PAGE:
Blog entries with tag “Maths”
Base conversion is the conversion between notations of number, and NOT the numbers themselves. I discuss a common mistake on methods of base conversion, and a common mistake in thinking about ‘base conversion’ in computer programs.
Lagrange’s four-square theorem is a beautiful result in number theory. However, to the best of my knowledge, I haven’t encountered it often in theoretical computer science. Today’s entry discusses two interesting stories related to this theorem.
Starting from the classic puzzles of finding patterns in a sequence, this entry explores the framework to define persuasive patterns. The framework is found to be quite self-contained in the sense that it is ‘asymptotically invariant’ to the choice of ‘language of expression’. The only short-coming of this framework is that it works only for computable sequences, yet the process of pattern discovery is incomputable.
In this entry, I discuss a pathological construction of general terms of a class of integer-valued sequences with the widely accepted concept of ‘elementary functions’. The idea here is to simply ‘concatenate’ the integers in a real number, then extract the appropriate digits for each term. It turns out that this definition characterises the elementariness very well (note that the definition is also self-referencing). The extended inspection leaves a problem open: Are all integer-valued sequences elementary? Update: The question is solved with an affirmative answer.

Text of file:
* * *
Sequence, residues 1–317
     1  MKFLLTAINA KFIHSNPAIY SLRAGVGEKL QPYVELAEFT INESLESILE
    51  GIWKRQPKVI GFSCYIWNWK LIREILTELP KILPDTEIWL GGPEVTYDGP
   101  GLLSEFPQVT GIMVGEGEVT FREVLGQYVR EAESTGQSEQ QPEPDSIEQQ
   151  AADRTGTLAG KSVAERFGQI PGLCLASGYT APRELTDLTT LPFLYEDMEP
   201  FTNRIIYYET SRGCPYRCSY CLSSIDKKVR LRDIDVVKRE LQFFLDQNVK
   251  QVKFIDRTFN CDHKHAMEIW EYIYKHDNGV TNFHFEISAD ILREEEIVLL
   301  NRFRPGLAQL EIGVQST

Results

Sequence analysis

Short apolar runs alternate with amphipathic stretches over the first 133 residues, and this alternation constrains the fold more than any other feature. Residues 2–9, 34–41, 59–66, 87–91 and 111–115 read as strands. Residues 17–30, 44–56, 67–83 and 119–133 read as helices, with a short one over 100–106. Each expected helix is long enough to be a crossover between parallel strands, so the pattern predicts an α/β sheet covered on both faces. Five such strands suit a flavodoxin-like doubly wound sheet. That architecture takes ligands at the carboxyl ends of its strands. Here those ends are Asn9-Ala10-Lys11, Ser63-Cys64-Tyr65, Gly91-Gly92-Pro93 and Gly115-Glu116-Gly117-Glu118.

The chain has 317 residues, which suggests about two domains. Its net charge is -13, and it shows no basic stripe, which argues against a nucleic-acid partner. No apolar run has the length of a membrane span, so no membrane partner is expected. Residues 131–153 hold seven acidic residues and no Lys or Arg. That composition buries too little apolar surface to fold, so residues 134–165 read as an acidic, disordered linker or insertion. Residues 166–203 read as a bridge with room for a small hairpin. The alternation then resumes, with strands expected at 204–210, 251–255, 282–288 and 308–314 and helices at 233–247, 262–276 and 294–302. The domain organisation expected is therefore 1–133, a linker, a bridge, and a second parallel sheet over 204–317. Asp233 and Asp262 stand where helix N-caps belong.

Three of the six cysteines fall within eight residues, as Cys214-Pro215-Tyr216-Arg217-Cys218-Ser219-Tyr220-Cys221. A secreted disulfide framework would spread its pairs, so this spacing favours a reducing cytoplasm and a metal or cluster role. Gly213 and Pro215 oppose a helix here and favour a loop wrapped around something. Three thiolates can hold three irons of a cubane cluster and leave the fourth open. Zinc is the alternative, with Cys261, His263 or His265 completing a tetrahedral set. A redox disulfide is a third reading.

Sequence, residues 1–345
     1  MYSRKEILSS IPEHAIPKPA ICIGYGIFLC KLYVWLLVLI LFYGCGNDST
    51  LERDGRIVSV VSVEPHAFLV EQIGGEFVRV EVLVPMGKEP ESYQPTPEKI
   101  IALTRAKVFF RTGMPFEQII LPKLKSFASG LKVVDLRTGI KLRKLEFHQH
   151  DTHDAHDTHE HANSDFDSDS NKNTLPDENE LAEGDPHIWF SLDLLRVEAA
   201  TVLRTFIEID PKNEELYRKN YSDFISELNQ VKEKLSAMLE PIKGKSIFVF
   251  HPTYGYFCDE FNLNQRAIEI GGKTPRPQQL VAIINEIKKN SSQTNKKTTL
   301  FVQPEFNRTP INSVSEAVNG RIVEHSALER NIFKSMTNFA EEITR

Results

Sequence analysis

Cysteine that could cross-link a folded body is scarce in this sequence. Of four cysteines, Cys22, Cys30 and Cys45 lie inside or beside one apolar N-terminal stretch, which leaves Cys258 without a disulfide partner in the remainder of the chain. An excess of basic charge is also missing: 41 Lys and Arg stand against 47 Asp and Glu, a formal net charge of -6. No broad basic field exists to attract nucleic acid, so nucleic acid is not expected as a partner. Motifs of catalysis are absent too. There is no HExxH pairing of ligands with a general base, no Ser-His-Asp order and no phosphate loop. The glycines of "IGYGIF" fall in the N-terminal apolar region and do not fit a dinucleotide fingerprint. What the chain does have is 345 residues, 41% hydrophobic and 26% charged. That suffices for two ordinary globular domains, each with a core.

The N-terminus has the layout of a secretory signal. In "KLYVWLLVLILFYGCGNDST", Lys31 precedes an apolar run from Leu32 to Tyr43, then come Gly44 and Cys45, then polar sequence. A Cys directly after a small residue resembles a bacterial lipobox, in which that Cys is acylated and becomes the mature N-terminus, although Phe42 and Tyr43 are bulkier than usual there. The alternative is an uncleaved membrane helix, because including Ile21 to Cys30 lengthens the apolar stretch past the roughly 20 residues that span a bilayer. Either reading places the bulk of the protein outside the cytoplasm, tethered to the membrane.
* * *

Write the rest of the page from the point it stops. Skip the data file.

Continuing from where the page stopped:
In this entry, I discuss a kind of widely posed exam problems for elementary calculus learners. It concerns a technique of application of (differential) mean value theorems. Speficially, a class of such problems can be solved dogmatically if the equation to prove resembles a ‘factorisable’ linear differential equation.
Let me explain the classic idea that ‘the algorithm of a crypto system should be considered and made public’ to you. Particularly, I will discuss what it means by ‘crypto system’, which tells us what information should be no secret at all.
A practical problem I encountered in 2016, which I insisted on implementing with pure CSS as long as it was possible. At first it was solved with mathematical logic tricks but later it turned out there was a much simpler solution.